[Enculturation versus Enskillment - Tim Ingold - Social Anthropology, University of Manchester: Orthodox models of cultural learning rest on the premiss that culture exists as a context-free body of information, available for transmission outside the contexts of its practical application. I argue that this premiss is untenable, suggesting instead that what each generation contributes to the next are not rules or schemata for the production of appropriate behaviour, but the specific conditions of development under which successors, growing up in a social environment, acquire their own embodied skills and dispositions. Thus learning is a matter of enskillment rather than enculturation. This conclusion, however, has radical implications for the way we think about the relations between biological and cultural variation. Instead of supposing that the human being comes into the world innately pre-equipped with mechanisms for the acquisition of cultural information, we need to recognise that the differences we call cultural are themselves biological, established in the human organism through a process of development. This recognition, however, calls for a restructuring not only of the psychological theory of learning but also of the biological theory of genetic inheritance.]

[professional groups, with their own norms and identities, are absolutely central to the functioning of any modern society... these groups are the principal source of a functional and institutionalised morality in modern societies... Societies cannot be held together only by coercion (state) or money (markets). Something more is required. In a broader sense, it requires internalisation of norms and values that set limits on what can be bought and sold. It’s not the market by Pratap Bhanu Mehta Indian Express > Edits & Columns > Oct 20, 2008 at 3:42 PM]

It is not without significance that the suspicion infused into the divinity of The Mother and Sri Aurobindo by Peter Heehs through his book The Lives of Sri Aurobindo is being hotly contested at the same time when a colossal crisis is threatening to quake the global financial stability. In both the instances it is the sterile secular view of life that is losing “certainty” making way for a sane and salutary stance.

If the 20th century grappled with the “uncertainty” in physics as well as language, the 21st, it seems, will tackle the same in economics and politics. And in all these areas the sage advice of Sri Aurobindo would be of immense help. Sri Aurobindo as a guide of the human race will stand tall transcending all chasms: east and west, north and south, left and right, red and green.

Failure of calibration at various levels has been the bane in the past, and hence, education, ethics, and integrity are to be the cornerstones of a secure future society. Not merely enskillment, raising students with the ability to be “judge of skills” would be the legitimate task for the schools. For all this, willingness to drink from the source is essential. That fountainhead is hidden deep within every human being, and learning should lead one there instead of prohibiting as at present.

It is a temperamental revolution. The path has been charted out by The Mother and Sri Aurobindo 100 years back. We must follow it, we must tell others to follow it, and we must persuade others to follow it. We have to cajole others to follow it. And if need arises, we must force others to follow it, for, we are sure that in that only lies our welfare as well as theirs. [TNM] 7:17 PM 3:42 PM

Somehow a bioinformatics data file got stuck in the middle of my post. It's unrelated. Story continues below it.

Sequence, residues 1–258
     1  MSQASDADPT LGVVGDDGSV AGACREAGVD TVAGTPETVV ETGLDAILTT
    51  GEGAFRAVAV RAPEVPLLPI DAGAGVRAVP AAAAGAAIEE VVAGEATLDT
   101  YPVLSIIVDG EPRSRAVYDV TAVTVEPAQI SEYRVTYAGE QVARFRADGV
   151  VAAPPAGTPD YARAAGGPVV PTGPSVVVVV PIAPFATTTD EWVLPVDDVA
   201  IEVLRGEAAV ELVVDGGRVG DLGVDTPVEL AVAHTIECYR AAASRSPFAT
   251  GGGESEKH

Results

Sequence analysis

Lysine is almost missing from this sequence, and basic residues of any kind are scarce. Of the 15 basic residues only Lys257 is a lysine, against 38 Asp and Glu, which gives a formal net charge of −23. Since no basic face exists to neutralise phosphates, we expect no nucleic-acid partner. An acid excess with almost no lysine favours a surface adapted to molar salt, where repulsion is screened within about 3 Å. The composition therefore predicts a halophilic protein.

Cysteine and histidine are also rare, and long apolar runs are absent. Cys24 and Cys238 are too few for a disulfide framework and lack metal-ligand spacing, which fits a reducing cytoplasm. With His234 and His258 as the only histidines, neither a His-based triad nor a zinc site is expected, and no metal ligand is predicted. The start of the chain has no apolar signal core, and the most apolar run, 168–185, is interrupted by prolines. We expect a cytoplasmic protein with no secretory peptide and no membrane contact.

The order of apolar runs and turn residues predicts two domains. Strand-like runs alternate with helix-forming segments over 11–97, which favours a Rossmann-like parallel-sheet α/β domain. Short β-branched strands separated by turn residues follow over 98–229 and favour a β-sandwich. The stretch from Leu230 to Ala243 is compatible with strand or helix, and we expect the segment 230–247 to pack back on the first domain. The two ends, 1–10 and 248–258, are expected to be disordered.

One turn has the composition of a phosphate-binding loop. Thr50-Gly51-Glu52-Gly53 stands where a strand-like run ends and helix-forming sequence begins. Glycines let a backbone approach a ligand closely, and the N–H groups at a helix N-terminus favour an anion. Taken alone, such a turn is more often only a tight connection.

Friday, October 17, 2008

Sorry prospect of an eerie homogenization

[Ayn Rand’s novel Atlas Shrugged first appeared in 1957. The consequences of punishing and demonizing the life of the mind constitute the theme. After all, what would happen if, instead of the dull and the incapable, our best and brightest went on strike? Atlas Shrugged from Thoughts, Books, and Philosophy by jhbowden]

One shudders at the prospect of a possible reign of "the dull and the incapable" as the present goings on insists on an eerie homogenization by "punishing and demonizing the life of the mind." [TNM] 11:11 AM

Wednesday, October 15, 2008

The second rung leaders are now eager to usurp power

[Re: Corrections to textual excerpts of The Lives of Sri Aurobindo by Peter Heehs
by koantum on Tue 14 Oct 2008 10:45 PM PDT
Profile Permanent Link
Vladmir, my friend, I hate to have to correct you. Those strong reactions are the vital reactions of a rather primitive type of religiosity, not at all befitting of an aspirant toward the enlightened spirituality that Sri Aurobindo has put before us as the goal. Read these excerpts from the Human Cycle and you will understand.
Reply by Debashish on Wed 15 Oct 2008 01:07 AM PDT Profile Permanent Link
What happens between a seeker and his guru is entirely between them. No "other seekers on the path" have or should have anything to do with it. It is the most private of relationships. Nor can anyone have any inkling from someone's expressions, whether they have gratitude or not for their guru. DB Reply]

What apparently looks like a tussle between the devoted and the skeptic, or the religious and the academic, is at heart a political battle. The hierarchy nurtured by The Mother has, obviously, collapsed and hence, the second rung leaders are now eager to usurp power. Whose edicts would be effective in future is emerging in this test run. Who would pull the strings of the “ringleaders” is crystallizing through whispers. Such palace intrigues are nothing new, but the amorphous nature of the power equilibrium leaves scope for much volatility in future.